Native American Rights Fund slams President Trump for commission on 'voter suppression'
Posted: Friday, May 12, 2017
Getting out the Native vote. Photo: National Congress of American Indians
The nation's oldest Indian legal advocacy group is speaking out against a new commission that President Donald Trump said will investigate voter fraud. Attorneys with the Native American Rights Fund said the Presidential Commission on Election Integrity is based on a flawed premise. Voter fraud is not widespread yet is often cited in an attempt to restrict the voting rights of Native citizens, they said. “This commission is completely backwards; it is not the American people who need to be investigated, it is the jurisdictions using more suppressive tactics to keep citizens from voting,” attorney Natalie Landreth said in a press release on Friday. The commission, in fact, includes “prominent advocates of voter suppression,” NARF said. The non-profit singled out Kansas Secretary of State Kris Kobach, who serves as co-chair of the new body and has been labeled the “King of Voter Suppression” by the American Civil Liberties Union, which has worked to protect Native voting rights. “Voter suppression is designed by those in power to keep themselves in power,” Landreth said. “They know as the electorate changes, their power wanes so these tactics are meant to ‘freeze the electorate’ in a way.” All of the members of the commission so far are representatives of state governments. The executive order signed by Trump does not mention mention tribes or require their involvement in the investigation of alleged voter fraud. “It is ironic that this president purports to investigate election integrity since it is now known that he very likely benefited from Russian interference in the November 2016 election,” said Landreth. “That is what needs to be investigated, not the American voters. And I want to be very clear about why the president is doing this: he is purporting to create a record that will surely form the basis for nationwide legislation to further suppress voting.” Trump lost the popular vote in the 2016 presidential election by more than 2.8 million votes. He has repeatedly said voter fraud played a role in the outcome of the race but has never offered any evidence. Despite losing the popular vote, Trump won enough votes in the Electoral College to secure the highest office in the United States.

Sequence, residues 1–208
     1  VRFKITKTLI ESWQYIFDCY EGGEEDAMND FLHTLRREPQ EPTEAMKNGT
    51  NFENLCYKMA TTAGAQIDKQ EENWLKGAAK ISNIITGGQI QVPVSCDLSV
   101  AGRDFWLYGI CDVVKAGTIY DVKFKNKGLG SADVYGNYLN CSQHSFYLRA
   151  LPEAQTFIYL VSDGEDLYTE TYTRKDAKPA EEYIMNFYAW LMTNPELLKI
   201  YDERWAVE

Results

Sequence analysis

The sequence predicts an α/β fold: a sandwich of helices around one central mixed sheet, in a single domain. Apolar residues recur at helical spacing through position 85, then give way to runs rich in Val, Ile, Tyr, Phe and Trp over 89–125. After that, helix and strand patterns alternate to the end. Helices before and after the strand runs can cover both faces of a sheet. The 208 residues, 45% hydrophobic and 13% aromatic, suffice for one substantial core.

202 630 8439 (THEZ)
Top Stories1. Tribes open their doors in response to devastating wildfires in northern California
2. National Congress of American Indians looks forward to Tara Sweeney confirmation
3. Alaska Native executive Tara Sweeney named to top Bureau of Indian Affairs job
4. Tribes slam Trump administration for adding hurdles to land-into-trust process
5. Republican candidate questions mural for depicting Indian people as too 'dark'
More Stories Trump administration revives huge mine opposed by tribes in Alaska
Nooksack Tribe remains without recognized council as Trump administration digs in